Conference Paper

Approaches To Archiving Professional Blogs Hosted In The Cloud

Conference: 7th International Conference on Preservation of Digital Objects (iPRES 2010)

ABSTRACT

Early adopters of blogs will have made use of externally-hosted blog platforms, such as Wordpress.com and Blogger.com, due, perhaps, to the lack of a blogging infrastructure within the institution or concerns regarding restrictive terms and conditions covering use of such services. There will be cases in which such blogs are now well-established and contain useful information not only for current readership but also as a resource which may be valuable for future generations. The need to preserve content which is held on such third-party services (“the Cloud’) provides a set of new challenges which are likely to be distinct from the management of content hosted within the institution, for which institutional policies should address issues such as ownership and scope of content. Such challenges include technical issues, such as the approaches used to gather the content and the formats to be used and policy issues related to ownership, scope and legal issues. This paper describes the approaches taken in UKOLN, an applied research department based at the University of Bath, to the preservation of blogs used in the organisation. The paper covers the technical approaches and policy issues associated with the curation of blogs a number of different types of blogs: blogs used by members of staff in the department; blogs used to support project activities and blogs used to support events.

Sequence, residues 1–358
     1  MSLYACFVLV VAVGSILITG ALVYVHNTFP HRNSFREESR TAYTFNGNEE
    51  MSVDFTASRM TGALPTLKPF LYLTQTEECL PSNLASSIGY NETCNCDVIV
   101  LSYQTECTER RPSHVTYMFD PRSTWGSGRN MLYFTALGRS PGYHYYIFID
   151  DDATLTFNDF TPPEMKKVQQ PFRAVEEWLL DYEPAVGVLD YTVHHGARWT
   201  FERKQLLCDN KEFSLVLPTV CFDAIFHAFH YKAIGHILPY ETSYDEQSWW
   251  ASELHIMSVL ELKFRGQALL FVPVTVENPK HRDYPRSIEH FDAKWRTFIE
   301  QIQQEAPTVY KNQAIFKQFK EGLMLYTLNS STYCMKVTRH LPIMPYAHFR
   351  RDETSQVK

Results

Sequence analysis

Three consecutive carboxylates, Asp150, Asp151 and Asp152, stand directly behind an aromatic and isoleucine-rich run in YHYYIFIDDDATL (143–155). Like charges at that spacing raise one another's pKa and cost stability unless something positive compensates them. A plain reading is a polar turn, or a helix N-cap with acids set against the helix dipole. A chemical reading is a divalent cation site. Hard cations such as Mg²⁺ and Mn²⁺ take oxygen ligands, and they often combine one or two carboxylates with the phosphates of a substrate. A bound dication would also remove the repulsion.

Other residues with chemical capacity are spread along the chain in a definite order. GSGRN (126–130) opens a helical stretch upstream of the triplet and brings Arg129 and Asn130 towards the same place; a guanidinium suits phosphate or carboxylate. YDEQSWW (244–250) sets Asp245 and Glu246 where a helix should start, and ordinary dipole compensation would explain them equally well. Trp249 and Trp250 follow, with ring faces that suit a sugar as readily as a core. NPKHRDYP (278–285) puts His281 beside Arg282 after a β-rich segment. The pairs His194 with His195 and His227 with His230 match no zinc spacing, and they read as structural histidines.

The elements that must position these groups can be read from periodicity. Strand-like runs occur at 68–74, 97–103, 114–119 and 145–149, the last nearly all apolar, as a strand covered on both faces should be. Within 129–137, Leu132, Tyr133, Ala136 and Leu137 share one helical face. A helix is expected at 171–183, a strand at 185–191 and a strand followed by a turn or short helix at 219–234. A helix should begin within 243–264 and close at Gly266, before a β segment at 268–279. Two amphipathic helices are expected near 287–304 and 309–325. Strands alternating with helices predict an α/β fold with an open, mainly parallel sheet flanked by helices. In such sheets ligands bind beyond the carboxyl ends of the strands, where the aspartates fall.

Download full-text

Full-text

Available from: Brian Kelly
  • [Show abstract] [Hide abstract]
    ABSTRACT: Web archiving is the process of collecting and preserving web content in an archive for current and future generations. One of the key issues in web archiving is that not all websites can be archived correctly due to various issues that arise from the use of different technologies, standards and implementation practices. Nevertheless, one of the common denominators of current websites is that they are implemented using a Web Content Management System (WCMS). We evaluate the Website Archivability (WA) of the most prevalent WCMSs. We investigate the extent to which each WCMS meets the conditions for a safe transfer of their content to a web archive for preservation purposes, and thus identify their strengths and weaknesses. More importantly, we deduce specific recommendations to improve the WA of each WCMS, aiming to advance the general practice of web data extraction and archiving.
    No preview · Article · Jan 2015